Just yesterday, I was watching an old Suns/Rockets game on ESPN Classic when I was reminded of the time Robert Horry threw a towel in Danny Ainge‘s face when Ainge was coaching Horry in Phoenix. (The only team with which Rob didn’t win a championship.) Like a lot of older controversial sports stories, I always wonder how things would’ve played out differently had it happened in 2009 with today’s media climate.
I thought that same thing just now when I heard about Al Harrington‘s interview with Bay Area radio station KNBR. Talking about his time with the Warriors, which ended with Harrington falling out of favor with Don Nelson and being benched before he was traded to the Knicks, Harrington said:
“I just didn’t feel like Coach respected me as a man and I just felt like I had to make a move before I did something that I would regret.”
That sounds like what Latrell Sprewell would’ve said if he’d been traded from Golden State before he choked out P.J. Carlesimo. And if Harrington had pulled a Sprewell move on Nellie, can you imagine how much bigger of a story it would be with today’s media?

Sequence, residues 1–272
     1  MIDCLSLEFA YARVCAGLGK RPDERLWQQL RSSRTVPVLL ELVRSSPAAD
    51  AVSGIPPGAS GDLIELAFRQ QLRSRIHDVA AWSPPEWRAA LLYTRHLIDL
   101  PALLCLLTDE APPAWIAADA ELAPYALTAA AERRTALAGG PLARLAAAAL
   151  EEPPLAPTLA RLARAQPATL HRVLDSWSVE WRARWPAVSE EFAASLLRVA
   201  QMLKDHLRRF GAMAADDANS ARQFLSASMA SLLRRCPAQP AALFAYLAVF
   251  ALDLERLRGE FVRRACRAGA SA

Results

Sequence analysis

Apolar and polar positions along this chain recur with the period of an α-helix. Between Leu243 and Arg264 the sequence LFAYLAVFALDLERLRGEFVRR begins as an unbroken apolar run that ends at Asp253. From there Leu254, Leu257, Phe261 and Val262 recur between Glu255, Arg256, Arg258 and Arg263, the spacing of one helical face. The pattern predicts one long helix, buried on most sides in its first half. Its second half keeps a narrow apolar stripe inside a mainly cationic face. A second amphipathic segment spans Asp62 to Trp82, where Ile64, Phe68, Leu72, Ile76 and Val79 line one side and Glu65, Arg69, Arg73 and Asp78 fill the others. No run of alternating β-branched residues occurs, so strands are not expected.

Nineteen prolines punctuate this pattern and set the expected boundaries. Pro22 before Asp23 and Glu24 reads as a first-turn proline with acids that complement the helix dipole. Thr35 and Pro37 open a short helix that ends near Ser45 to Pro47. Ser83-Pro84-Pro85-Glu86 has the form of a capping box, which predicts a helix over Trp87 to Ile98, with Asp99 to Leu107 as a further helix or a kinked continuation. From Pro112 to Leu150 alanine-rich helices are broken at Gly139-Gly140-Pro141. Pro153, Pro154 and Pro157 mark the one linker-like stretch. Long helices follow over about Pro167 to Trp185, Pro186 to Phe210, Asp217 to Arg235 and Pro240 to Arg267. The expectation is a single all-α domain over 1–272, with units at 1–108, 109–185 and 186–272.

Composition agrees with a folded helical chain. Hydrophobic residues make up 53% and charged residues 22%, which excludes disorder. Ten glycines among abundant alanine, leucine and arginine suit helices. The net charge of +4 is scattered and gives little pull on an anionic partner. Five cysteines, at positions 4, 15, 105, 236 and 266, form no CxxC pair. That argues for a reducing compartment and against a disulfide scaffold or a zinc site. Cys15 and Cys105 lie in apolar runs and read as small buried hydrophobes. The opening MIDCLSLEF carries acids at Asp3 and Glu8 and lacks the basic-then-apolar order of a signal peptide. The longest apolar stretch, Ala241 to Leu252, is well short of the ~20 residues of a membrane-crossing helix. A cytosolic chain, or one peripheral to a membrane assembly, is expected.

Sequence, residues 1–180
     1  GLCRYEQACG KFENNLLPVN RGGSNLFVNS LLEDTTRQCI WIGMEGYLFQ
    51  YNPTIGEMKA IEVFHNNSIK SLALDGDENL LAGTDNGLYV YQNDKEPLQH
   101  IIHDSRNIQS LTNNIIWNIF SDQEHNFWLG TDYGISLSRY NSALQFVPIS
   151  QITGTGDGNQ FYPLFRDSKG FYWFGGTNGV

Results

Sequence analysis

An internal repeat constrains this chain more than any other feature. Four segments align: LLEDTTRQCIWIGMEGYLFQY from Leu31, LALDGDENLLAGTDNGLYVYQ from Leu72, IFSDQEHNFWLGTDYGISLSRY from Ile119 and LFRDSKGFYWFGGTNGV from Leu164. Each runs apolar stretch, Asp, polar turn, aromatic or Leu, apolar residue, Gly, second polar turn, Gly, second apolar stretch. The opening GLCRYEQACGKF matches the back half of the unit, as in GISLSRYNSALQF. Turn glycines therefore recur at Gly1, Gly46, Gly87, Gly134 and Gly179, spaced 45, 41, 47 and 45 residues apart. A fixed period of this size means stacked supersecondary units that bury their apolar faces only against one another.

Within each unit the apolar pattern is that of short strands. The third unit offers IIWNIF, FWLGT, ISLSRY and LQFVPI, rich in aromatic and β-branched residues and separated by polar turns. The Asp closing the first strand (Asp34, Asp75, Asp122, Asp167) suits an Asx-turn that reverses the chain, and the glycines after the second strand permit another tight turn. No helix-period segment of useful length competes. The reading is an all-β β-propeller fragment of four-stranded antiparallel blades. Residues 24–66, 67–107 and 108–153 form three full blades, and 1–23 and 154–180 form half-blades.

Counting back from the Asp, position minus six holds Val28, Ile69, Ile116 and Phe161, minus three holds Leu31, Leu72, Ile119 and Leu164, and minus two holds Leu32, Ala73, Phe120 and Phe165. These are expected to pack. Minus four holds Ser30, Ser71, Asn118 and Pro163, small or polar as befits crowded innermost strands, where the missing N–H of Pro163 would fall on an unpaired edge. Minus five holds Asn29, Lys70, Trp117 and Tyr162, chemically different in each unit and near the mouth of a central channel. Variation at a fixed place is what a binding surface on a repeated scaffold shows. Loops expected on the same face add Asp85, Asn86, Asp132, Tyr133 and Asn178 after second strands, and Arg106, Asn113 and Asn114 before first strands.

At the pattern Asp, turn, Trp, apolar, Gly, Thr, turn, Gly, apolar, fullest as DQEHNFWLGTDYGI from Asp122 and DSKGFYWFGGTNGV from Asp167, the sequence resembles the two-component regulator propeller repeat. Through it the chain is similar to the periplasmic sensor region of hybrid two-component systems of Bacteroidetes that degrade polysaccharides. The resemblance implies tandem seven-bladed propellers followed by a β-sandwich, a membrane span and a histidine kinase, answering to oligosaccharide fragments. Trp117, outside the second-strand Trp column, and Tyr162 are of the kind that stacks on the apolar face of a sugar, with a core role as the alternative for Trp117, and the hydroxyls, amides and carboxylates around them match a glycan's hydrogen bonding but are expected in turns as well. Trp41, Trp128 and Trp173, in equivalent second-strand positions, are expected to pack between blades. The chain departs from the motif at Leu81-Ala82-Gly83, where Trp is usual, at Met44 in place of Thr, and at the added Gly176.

First off, you know somebody would’ve caught the altercation on their camera-phone. And remember, this would’ve been post-Ron Artest at the Palace; David Stern would probably suspend Harrington for two years, and he’d be vilified by two million blogs, podcasts, newspaper and magazine columns, and TV segments. Around the Horn would devote an entire episode to their guys calling Harrington the dirtiest of all dogs, and SportsCenter would cover his punishment proceedings like it was the Kobe trial all over again. Al Harrington would be the most famous athlete in the country for a couple of months, then it would die down after Brett Favre was spotted playing Madden using the Texans, sparking rumors that Favre wanted to play the next season in Houston.
It’d be too bad, too, because I’ve met and worked with Al before and he’s a good dude. (Same for Artest, for that matter.) But every man has his limits, whether it’s having a cup of water thrown on him or being treated like less than a man. Fortunately, Nellie and Harrington’s beef didn’t get to that regretful place.